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The High Key Portrait Series: Lucy Stone

Lucy Stone | photo by Josh Pelta-Heller for WXPN

High Key” is a series of profiles conceived with the intent to tell the story of Philly’s diverse musical legacy by spotlighting individual artists in portrait photography, as well as with an interview focusing on the artist’s experience living, creating, and performing in this city. “High Key” will be featured in recurring installments, as the series seeks to spotlight artists both individually and within the context of his or her respective group or artistic collective.

Posing for some portraits at XPN studios, Lucy Stone calls attention to her sunshine-yellow jacket, and volunteers that her mother said it wasn’t her color and warned her against it, before the singer affixes her own punchline to the narrative, unironically: “That’s why I wore it.”

Having played with local indie rock faves DRGN KING and Sad13 before then striking out on her own for awhile, the Philly native has planned some stage time in the coming months with new crew Vexxed, supporting tracks they recently laid down at a Drexel studio with compositions she’d written when she was 16.

And she can rock her yellow jacket if she wants to, along with a uniquely frank wit and deadpan humor, demonstrated by her response to a mention of her stern portrait visage.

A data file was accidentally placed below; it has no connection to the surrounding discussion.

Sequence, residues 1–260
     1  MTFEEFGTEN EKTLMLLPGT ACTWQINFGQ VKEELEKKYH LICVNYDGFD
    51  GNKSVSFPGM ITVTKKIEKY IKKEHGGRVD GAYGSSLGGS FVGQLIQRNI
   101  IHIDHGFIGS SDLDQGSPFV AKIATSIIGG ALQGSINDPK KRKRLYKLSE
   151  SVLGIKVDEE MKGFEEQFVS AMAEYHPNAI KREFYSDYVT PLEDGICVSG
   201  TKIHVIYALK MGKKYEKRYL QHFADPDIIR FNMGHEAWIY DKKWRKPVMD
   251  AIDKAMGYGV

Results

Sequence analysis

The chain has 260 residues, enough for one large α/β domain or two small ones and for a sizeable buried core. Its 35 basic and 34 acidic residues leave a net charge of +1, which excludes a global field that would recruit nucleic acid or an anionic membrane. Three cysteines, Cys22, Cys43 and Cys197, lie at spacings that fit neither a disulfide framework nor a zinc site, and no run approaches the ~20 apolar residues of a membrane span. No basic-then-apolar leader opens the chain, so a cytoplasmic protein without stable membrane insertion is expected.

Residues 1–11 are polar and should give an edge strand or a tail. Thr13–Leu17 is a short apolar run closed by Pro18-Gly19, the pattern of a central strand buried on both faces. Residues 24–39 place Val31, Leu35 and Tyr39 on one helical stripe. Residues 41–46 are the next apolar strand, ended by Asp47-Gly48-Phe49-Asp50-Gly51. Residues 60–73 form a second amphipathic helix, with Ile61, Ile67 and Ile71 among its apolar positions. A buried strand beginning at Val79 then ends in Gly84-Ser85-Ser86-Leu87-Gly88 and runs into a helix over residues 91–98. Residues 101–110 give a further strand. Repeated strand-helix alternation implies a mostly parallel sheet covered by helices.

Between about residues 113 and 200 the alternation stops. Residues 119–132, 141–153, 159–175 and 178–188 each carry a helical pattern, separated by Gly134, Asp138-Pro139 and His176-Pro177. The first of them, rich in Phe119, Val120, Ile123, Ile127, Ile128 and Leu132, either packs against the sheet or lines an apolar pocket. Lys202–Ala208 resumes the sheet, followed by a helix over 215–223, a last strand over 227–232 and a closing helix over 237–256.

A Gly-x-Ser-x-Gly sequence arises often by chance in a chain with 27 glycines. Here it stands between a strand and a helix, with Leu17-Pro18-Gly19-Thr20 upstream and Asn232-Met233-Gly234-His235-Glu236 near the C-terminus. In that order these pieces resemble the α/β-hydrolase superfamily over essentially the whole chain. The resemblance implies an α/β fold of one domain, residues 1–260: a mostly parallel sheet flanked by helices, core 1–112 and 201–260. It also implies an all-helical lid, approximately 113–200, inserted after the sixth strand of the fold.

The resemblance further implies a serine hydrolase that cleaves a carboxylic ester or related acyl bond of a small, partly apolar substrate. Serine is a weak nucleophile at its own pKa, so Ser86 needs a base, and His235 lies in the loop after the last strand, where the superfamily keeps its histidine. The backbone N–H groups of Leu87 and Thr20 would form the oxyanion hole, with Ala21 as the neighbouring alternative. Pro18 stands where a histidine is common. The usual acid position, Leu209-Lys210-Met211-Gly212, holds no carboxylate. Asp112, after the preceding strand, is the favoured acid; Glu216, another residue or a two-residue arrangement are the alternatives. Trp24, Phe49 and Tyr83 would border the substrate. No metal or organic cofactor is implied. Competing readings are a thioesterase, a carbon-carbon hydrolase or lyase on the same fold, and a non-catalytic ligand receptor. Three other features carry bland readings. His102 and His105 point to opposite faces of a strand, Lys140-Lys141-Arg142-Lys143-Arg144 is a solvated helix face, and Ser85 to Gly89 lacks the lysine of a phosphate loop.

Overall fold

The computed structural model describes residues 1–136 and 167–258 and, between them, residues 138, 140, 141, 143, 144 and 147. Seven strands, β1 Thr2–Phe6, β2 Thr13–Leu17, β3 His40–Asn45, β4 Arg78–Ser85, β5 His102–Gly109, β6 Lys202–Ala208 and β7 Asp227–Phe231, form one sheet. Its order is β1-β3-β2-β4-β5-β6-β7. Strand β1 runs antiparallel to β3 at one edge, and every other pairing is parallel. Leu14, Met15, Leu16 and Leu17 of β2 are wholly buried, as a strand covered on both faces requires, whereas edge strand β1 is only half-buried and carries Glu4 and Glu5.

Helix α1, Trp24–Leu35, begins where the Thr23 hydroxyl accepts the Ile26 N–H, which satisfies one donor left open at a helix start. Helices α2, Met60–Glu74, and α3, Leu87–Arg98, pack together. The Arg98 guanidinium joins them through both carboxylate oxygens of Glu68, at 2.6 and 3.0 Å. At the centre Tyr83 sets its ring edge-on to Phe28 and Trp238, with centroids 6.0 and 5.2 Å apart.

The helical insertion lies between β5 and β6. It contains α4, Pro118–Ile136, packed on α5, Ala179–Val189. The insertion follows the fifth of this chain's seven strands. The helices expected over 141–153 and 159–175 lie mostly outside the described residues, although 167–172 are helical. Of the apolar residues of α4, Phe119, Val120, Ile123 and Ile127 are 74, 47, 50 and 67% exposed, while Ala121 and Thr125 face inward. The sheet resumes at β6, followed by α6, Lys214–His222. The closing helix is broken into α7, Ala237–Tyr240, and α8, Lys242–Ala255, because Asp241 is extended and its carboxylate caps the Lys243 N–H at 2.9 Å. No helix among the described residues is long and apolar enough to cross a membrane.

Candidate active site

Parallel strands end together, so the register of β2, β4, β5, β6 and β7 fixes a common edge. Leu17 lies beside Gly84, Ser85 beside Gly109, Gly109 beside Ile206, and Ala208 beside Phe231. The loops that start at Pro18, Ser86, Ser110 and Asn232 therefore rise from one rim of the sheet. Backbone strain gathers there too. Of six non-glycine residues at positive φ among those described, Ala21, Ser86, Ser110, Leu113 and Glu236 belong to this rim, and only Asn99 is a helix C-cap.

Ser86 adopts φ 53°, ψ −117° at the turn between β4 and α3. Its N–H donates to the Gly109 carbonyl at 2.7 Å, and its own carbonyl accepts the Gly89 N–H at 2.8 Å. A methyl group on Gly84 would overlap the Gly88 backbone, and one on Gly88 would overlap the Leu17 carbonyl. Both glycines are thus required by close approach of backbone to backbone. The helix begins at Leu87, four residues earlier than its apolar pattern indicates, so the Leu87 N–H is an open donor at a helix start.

“Good,” she confirms. “I want people to be afraid.”  Continue reading →

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Indie Rock Hit Parade Live Session: The Goon Sax

The Goon Sax | Photo by Eric Schuman for XPN

Joining us in the studio for this Indie Rock Hit Parade live session is a young band with a classic sound. Formed while the members were still in high school, Brisbane’s The Goon Sax carry a lifetime of influences with them. With James Harrison and Louis Forster trading off guitar and bass duties and Riley Jones supplying drums (and all three members singing), The Goon Sax quickly gained attention and acclaim for their inspired spin on the Australian (and New Zealand) indie pop traditions of the ’80s and ’90s. Continue reading →

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The Essential Love Songs of Philadelphia: “Me and Mrs. Jones” by Billy Paul

Billy Paul | still from video

Every day leading up to Valentine’s Day this year, The Key is recapping 14 songs that scream “love” just as strongly as they scream “Philly.” The Essential Love Songs of Philadelphia continues with “Me and Mrs. Jones” from Billy Paul’s 1972 album 360 Degrees of Billy Paul.

Back in the day, in the late 60s and 70s, Kenny Gamble and Leon Huff’s Philadelphia International Records produced their share of incredible love songs. From “Expressway To Your Heart” by the Soul Survivors and “La La Means I Love You” by The Delfonics, to The Spinners’ “Then Came You” and the smooth soul of “You’ll Never Find Another Love Like Mine” by Lou Rawls, L-O-V-E was this label’s bread and butter. That’s to say nothing of Philly International’s ultimate love man, Teddy Pendergrass, whose songs illustrated the full range of love; requited, unrequited, and in the timeless ballad “If You Don’t Know Me By Now” (recorded in 1972 with Harold Melvin & The Bluenotes), tortured love.